Topic: 2) The Consulting Trade
Brian had the following post which covers the geographical differences of the use of the terms "Soda", "Coke", and "Pop". Thought it was a pretty striking graphical map of a social norm that I've never been able to put a finger on. In any case, it triggered me to write down a couple of brief thoughts about the importance of nomenclature, and more generally, clear communication in the field of management consulting.
On the one hand, in the early phases of a consulting engagement, there is usually a steep ramp-up curve to gain a common understanding of where detailed operations are at (even in cases where the consultant has experience directly in the client's vertical industry). I have sometimes referred to the ramp-up period as "drinking from the firehose." During this period, both the client and consultant use terms that may not be fully understood by one another. Regular dialogue and monitoring are needed to make sure things are on track.
Such early problems usually work themselves out. However, for all parties to ensure that the consultant is adding the highest amount value, it becomes more and more important as the engagement moves forward to get beyond nomenclature and to understand the vision of what needs to be achieved. As an example, when a client says, "No problem at all. I have that operational data," there is a difference between "having that data" and "having that data and proactively using the data to manage the business". Proactive management requires organizing data regularly, synthesizing new information from the data, developing hypotheses, setting goals, proactively applying controls on a day-to-day business based on the information (as opposed to treating data like exhuast eminated from an automobile), and making data and results transparent to all."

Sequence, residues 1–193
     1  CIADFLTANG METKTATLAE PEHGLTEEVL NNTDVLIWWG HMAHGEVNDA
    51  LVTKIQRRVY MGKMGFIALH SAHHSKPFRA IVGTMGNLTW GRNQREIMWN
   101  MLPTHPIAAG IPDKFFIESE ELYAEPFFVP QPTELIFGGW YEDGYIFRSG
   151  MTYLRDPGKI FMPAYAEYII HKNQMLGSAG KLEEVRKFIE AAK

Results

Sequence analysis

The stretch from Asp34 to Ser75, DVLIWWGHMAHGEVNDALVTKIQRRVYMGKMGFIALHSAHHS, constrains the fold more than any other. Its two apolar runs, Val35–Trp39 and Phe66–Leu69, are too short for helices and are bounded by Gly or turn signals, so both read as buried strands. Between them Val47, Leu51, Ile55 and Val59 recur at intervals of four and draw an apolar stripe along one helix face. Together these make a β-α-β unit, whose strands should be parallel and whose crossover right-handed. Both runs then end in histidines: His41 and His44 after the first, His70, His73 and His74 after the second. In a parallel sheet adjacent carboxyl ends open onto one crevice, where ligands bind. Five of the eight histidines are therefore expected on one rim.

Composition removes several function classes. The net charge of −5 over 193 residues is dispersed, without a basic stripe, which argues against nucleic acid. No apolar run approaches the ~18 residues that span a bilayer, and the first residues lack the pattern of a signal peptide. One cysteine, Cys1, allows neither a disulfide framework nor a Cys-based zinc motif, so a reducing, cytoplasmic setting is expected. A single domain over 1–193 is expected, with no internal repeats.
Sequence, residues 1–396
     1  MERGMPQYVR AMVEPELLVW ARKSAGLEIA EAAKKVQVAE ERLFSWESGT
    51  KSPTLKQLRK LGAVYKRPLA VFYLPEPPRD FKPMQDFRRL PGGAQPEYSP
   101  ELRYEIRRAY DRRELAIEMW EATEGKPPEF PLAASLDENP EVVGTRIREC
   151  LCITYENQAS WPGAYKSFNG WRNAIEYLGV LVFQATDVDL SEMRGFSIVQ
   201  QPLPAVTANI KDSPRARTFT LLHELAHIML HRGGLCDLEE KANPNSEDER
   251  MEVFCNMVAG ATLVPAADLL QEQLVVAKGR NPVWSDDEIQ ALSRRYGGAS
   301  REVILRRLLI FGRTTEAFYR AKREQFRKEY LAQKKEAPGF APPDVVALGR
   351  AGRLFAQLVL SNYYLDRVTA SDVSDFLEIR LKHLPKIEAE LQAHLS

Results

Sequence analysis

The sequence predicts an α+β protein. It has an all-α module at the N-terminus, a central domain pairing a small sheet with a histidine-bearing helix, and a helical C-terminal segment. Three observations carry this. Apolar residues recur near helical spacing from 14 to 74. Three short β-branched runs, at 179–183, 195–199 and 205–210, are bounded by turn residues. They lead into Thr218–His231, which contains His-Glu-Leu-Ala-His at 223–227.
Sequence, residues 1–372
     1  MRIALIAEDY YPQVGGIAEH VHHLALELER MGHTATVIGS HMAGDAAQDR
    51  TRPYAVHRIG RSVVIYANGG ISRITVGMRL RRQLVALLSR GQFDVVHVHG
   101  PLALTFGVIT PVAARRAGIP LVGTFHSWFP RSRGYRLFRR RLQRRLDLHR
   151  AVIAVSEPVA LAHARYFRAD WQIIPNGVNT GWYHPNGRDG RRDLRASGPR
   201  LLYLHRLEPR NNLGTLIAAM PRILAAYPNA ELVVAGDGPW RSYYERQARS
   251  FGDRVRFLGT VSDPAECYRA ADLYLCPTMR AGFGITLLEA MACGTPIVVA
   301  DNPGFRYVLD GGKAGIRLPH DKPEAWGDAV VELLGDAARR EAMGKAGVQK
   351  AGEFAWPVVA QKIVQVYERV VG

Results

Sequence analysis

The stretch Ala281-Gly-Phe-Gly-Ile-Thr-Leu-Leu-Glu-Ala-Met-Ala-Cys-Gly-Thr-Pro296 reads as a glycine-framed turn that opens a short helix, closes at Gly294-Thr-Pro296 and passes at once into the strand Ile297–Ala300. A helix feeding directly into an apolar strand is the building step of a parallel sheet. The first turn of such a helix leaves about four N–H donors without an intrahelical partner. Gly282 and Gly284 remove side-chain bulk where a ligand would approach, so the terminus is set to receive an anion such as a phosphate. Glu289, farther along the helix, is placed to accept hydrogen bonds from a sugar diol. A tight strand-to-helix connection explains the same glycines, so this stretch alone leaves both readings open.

S4 Management Group